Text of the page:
What to expect this month: This issue of Fatale consists mostly of exposition as Brubaker seems to be setting up big moments for the future, but there is still plenty of intrigue and creepy moments to keep anyone’s interest intact. The real genius here comes from the fact that Brubaker deftly juggles multiple plot-lines without ever shortchanging one of them.

And while this issue does contain a lot of talking head scenes, Sean Phillips managed to keep these moments moving with his heavily-shadowed art that jumps right off the page. There's a unique blend of beauty and grime in each panel that perfectly compliments Brubaker’s scripts. Something big is going on here that's boiling right under the surface, and even though this issue isn’t action-packed, it certainly sets the table for what's to come.

Batman: Gates Of Gotham - Trade Paperback

What it’s about: In order to fully understand Scott Snyder’s current run on Batman, you have to read his 2011 miniseries Batman: Gates Of Gotham. The story details the history of Gotham City itself as Snyder explores how the Wayne, Cobblepot, Kane, and Elliot families all played a part in shaping the city during the turn of the 20th century. Concurrently, the series flashes forward into the future where a mysterious villain has been destroying Gotham landmarks as “revenge” for the past misdeeds of the founding families.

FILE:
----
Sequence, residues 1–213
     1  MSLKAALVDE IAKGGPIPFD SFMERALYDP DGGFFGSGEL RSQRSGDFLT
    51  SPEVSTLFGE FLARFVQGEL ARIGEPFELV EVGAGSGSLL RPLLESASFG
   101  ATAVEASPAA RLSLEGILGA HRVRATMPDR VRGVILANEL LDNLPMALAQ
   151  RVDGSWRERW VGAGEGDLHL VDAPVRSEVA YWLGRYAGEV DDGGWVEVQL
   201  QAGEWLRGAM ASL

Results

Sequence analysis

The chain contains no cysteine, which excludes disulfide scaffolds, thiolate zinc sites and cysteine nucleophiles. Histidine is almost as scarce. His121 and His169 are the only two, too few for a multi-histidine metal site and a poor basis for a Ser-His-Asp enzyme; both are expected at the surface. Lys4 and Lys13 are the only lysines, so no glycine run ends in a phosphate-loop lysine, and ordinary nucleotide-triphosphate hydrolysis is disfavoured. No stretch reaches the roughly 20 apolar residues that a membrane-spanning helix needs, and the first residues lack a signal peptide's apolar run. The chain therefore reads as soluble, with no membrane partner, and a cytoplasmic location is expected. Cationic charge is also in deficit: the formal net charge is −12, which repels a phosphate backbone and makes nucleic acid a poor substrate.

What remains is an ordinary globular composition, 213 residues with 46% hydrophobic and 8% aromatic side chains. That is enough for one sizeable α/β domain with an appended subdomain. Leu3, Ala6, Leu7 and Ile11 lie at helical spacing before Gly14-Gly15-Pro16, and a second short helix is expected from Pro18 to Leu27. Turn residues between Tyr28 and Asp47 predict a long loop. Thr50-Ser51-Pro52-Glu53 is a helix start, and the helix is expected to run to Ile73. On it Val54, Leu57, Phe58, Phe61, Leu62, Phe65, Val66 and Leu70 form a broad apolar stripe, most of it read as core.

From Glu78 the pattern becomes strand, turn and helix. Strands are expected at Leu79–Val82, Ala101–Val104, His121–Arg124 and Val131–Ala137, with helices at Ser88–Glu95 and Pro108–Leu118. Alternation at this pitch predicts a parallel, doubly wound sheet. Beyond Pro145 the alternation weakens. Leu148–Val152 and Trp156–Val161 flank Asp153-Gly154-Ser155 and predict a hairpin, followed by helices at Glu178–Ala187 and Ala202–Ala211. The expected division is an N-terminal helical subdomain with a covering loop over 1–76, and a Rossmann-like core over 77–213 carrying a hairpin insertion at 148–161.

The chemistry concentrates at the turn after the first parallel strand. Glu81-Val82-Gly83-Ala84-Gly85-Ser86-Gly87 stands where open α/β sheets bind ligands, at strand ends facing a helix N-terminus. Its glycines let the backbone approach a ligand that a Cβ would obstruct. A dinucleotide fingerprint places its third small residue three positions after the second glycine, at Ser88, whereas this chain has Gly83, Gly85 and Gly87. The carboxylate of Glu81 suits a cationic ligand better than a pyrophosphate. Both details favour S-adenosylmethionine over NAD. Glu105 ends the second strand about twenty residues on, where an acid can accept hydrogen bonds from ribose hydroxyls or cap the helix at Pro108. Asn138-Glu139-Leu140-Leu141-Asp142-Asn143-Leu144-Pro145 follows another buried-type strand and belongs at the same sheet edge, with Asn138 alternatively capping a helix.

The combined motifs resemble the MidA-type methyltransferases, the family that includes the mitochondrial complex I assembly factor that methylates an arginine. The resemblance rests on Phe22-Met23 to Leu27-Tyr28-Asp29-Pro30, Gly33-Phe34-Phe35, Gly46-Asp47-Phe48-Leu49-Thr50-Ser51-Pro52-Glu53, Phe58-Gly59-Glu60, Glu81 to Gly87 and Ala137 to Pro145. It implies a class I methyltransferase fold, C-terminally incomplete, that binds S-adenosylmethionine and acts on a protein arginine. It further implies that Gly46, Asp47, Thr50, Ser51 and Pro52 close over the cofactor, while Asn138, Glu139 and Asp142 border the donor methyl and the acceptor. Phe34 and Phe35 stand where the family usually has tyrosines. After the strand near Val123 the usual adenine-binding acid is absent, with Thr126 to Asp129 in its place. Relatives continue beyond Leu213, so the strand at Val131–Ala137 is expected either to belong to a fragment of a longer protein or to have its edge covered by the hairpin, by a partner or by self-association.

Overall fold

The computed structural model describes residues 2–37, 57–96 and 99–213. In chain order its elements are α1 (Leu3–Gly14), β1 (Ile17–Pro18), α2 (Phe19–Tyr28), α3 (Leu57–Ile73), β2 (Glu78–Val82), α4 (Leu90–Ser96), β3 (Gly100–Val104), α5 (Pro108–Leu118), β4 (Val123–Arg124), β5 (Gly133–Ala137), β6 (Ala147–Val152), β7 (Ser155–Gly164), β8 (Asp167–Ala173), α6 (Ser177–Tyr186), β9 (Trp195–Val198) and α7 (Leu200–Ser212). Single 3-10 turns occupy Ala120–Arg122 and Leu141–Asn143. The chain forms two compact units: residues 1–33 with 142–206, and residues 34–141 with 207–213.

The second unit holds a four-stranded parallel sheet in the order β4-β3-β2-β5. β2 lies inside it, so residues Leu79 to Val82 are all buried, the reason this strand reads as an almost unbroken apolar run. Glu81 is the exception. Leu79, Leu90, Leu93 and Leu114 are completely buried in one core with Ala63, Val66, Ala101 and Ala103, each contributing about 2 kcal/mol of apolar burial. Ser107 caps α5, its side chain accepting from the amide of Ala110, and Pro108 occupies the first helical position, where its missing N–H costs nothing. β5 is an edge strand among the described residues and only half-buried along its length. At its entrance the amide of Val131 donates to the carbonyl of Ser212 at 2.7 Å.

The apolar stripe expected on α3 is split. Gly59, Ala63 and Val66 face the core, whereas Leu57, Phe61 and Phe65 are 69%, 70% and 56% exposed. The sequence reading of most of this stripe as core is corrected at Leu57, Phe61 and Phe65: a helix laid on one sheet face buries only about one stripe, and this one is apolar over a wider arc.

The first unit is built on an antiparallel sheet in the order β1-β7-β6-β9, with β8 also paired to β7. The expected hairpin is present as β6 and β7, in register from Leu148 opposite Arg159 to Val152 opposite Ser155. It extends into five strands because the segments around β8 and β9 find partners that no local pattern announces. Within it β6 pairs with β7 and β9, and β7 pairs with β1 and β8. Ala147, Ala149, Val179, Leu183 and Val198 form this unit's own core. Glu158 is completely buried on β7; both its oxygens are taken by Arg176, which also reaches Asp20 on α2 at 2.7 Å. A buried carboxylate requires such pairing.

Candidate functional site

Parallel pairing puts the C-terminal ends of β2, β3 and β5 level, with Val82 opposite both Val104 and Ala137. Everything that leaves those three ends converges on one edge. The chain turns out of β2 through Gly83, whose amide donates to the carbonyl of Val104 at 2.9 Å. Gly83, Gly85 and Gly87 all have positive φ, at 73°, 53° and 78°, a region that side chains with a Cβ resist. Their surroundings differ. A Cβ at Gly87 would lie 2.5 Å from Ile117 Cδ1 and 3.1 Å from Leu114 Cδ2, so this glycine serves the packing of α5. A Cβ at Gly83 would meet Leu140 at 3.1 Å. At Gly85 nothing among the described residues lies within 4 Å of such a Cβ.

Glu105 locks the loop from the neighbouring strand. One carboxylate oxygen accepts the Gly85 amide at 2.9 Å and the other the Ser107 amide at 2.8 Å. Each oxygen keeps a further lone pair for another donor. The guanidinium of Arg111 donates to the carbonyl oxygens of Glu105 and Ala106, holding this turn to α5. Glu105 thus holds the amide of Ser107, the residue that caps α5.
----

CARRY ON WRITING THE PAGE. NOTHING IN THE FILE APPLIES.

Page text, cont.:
Snyder and co-writer Kyle Higgins brilliantly connect the two narratives while giving comic book fans a thorough history lesson on Gotham City. But aside from its gripping central mystery, the story also features some tense action scenes that rival anything witnessed in Batman’s live-action exploits. And it's all possible thanks to Trevor McCarthy's brilliant art, filled with rich detail and a constant sense of energy.

Gates Of Gotham ties into Snyder’s current Batman material, which furthers the background detailing of Gotham City and the revelation that the city itself is more villainous than most of the Dark Knight’s rogues. For a miniseries that seemingly came out of nowhere in 2011, Gates Of Gotham quickly established itself as one of the most entertaining and unpredictable Batman stories of the past decade.

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Tags: marvel-comics, dc-comics, image-comics, batman, winter-soldier, animal-man, swamp-thing, scott-snyder, ed-brubaker